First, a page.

First of all, I believe fathers are called by God to help create, in the home, a positive view of male/female relationships. One of the most powerful teaching methods in families is a positive role model. David failed in this role. First of all, he had multiple wives, which, while seemingly allowed in the Old Testament, was not God’s plan. We also know of David’s adulterous relationship with Bathsheba in the chapters preceding this account, where David also used murder to cover up the fact that Bathsheba became pregnant as a result of David’s uncontrolled sexual desire. While David repented of his sin and was forgiven by God, his moral failure was there for his adult children, especially his sons, to see. Perhaps this is why David took little action after Amnon raped Tamar. Scripture says “he was furious” with Amnon, but took no disciplinary action against him. Was it because his own failure stood in the way?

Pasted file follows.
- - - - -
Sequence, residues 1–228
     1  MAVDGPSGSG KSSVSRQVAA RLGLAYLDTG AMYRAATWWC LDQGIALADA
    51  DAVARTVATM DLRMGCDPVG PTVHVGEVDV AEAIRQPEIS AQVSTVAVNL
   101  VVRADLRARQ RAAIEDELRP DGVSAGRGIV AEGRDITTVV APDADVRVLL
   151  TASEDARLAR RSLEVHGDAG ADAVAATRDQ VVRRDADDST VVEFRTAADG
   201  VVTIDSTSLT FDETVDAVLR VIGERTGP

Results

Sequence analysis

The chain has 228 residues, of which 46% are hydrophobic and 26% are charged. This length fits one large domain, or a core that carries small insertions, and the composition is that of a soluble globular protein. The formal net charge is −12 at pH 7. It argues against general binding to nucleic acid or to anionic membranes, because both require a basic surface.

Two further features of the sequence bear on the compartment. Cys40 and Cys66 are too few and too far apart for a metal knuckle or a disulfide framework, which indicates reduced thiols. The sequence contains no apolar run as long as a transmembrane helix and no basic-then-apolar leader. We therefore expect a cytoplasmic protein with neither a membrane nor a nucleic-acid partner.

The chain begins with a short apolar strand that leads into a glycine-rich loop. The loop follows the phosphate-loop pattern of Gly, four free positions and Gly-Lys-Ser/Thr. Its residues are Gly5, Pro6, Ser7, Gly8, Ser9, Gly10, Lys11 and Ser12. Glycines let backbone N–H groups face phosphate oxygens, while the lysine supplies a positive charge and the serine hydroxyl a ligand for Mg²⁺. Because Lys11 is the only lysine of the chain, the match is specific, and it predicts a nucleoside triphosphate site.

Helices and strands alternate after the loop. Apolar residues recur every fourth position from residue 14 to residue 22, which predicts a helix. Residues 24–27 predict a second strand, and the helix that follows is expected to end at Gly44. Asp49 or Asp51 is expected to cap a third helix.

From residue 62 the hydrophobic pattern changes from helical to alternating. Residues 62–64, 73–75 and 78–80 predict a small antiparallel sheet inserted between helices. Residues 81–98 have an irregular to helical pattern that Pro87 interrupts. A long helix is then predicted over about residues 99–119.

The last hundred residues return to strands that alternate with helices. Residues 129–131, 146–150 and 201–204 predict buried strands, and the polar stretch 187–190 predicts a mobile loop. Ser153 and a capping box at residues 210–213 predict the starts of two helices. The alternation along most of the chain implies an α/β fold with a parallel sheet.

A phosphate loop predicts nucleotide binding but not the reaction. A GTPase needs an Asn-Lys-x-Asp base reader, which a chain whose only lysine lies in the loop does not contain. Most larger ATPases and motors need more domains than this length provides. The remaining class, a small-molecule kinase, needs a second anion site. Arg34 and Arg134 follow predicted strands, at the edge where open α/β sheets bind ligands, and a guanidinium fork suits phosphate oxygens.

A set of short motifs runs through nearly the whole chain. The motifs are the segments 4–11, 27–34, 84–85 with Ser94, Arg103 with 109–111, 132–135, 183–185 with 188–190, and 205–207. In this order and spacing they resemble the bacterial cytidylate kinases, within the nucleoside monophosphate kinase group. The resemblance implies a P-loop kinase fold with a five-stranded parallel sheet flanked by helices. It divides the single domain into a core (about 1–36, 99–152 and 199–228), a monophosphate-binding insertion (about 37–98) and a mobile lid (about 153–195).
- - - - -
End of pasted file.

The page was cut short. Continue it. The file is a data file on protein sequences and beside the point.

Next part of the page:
I believe one of our duties, as fathers, is to create in our homes an atmosphere of healthy respect for women. This involves exemplifying a positive view of women, the gifts and potential they bring to our lives and portraying them as equal partners with us. This also means protecting the femininity of our wives and daughters by not making demeaning statements about women, or participating in any type of sexual innuendo or sexually suggestive stories or jokes around women, or anyone else, for that matter.